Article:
Even as fast casual restaurants lure diners with more natural, local, and organic menu options, they also integrate technology, with customer loyalty apps, online or mobile ordering, and mobile payments. This has helped increase their appeal to millennials who are more influenced by digital engagement, convenience, authenticity, and emphasis on quality than traditional advertisement.
In other hospitality sectors, fast casual has advanced the growth of living-room-like flexible spaces (multiple and varied seating arrangements, easy-to-find power outlets) that accommodate social and business needs, cater to upscale tastes, and are technologically savvy.
The growth of fast casual is reflective of the ever-changing consumer values, including desires for more aspirational experiences, active and shared spaces, and upscale and technologically connected features.
Resilience includes preparation for and rapid recovery from physical, social, and economic disasters, including natural disasters, terrorist attacks, or economic collapse.
In the wake of several recent natural disasters, including Hurricane Katrina (2005) and Hurricane Sandy (2012), the discussion about community resilience has accelerated. A 2012 report from the National Research Council stated, “Developing a culture of resilience would bolster support for preparedness and response and would also enable better anticipation of disasters and their consequences, enhancing the ability to recover more quickly and strongly. Resilient communities would plan and build in ways that would reduce disaster losses, rather than waiting for a disaster to occur and paying for it afterward.”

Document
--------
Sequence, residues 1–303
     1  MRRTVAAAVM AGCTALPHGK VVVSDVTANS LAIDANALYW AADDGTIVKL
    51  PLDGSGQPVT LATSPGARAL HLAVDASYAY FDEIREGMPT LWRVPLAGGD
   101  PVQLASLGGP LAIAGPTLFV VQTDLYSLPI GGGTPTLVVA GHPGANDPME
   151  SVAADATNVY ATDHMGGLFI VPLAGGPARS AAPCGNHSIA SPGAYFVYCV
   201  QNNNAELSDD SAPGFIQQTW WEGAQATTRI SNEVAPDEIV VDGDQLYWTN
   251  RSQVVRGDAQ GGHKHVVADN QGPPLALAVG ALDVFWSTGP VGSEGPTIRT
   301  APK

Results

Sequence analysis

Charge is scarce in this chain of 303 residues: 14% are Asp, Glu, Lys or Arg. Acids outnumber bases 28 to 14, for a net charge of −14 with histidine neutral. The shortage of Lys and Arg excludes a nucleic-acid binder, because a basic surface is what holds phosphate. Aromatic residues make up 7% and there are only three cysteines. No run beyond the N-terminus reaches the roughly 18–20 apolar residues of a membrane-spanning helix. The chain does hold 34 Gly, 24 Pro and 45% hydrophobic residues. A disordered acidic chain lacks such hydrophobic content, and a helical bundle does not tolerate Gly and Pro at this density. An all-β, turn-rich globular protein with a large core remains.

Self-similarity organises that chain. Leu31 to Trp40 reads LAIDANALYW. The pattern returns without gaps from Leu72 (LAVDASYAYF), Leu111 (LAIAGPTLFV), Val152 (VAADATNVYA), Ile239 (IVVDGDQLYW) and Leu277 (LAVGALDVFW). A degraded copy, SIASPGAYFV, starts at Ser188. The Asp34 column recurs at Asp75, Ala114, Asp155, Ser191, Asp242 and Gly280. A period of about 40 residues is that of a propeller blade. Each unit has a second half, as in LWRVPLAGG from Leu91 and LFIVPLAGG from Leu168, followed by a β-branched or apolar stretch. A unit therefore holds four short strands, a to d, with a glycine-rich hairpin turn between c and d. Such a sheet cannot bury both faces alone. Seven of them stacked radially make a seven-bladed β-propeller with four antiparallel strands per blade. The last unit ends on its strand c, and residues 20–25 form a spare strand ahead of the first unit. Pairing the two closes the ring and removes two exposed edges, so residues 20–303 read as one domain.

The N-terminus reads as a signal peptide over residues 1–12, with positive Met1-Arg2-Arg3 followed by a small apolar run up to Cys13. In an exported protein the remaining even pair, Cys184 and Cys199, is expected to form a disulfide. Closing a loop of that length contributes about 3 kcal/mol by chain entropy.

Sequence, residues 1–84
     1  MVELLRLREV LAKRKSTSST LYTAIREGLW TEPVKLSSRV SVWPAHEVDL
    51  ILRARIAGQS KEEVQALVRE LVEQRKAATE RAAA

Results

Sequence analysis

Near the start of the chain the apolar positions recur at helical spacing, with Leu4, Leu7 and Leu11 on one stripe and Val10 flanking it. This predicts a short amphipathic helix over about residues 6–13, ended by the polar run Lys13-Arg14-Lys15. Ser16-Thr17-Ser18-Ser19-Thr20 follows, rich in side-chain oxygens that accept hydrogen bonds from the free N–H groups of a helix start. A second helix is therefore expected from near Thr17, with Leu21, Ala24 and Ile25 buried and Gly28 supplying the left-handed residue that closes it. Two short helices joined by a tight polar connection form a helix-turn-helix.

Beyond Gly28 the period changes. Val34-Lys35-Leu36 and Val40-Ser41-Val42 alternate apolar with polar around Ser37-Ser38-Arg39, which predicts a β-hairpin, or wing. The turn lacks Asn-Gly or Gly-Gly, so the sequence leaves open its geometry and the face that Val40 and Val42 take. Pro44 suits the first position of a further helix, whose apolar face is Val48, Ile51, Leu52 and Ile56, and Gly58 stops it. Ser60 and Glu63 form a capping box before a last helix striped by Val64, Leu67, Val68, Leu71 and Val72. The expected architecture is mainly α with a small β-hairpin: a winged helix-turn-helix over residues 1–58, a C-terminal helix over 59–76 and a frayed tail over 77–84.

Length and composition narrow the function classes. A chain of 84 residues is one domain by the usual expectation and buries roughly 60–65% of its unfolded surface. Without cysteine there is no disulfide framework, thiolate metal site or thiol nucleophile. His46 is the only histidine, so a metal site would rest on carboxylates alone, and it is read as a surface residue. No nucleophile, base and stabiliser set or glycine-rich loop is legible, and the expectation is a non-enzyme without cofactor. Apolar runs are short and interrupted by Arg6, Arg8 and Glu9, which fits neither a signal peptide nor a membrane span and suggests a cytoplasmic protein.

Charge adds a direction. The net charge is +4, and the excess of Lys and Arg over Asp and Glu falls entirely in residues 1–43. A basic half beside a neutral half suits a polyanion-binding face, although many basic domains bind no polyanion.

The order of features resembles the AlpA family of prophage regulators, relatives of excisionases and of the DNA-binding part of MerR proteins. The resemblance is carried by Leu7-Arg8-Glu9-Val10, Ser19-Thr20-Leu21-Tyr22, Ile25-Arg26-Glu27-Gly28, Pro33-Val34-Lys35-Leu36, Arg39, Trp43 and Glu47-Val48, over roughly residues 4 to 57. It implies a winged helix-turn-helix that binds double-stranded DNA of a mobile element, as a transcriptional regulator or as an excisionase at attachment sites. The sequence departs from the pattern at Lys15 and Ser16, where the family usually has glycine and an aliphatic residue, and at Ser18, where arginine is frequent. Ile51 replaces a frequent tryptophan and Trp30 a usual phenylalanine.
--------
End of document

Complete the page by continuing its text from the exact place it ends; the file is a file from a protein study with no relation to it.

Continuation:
The Rockefeller Foundation’s 100 Resilient Cities initiative has worked with cities around the world to develop a road map to resilience, including establishing a chief resilience officer, strategy development; access to private, public, and NGO partners that can help develop solutions; and membership in a network of like-minded cities.
As city, state, and federal governments adopt resilience as a strategy, libraries may likewise need to align facilities, services, and programs. Resilience requires community involvement—encouraging individuals to make preparatory and preventive decisions and providing resources and information prior to, during, and after incidents.
Robots are moving from industrial and factory settings into everyday work, educational, research, and living spaces. These collaborative robots (or CoBots) will be able to perform repetitive tasks and work alongside humans.
The declining cost of sensors and computing power that allow robots to react quickly and intelligently will help robots become safer and take on greater roles alongside humans. Robots may increasingly be introduced as couriers and messengers that can operate in programmable environments. Navigation and abilities may be improved by the increasing connectivity of devices and things (the internet of things) that will equip objects with computing and radio devices detectable and distinguishable for mobile robots.
Several libraries have utilized robots to help with materials’ retrieval and sorting. Still other libraries have seen robots and robotics as a next wave for technology access and training, even lending robots to help users experience what might soon be a regular part of their futures.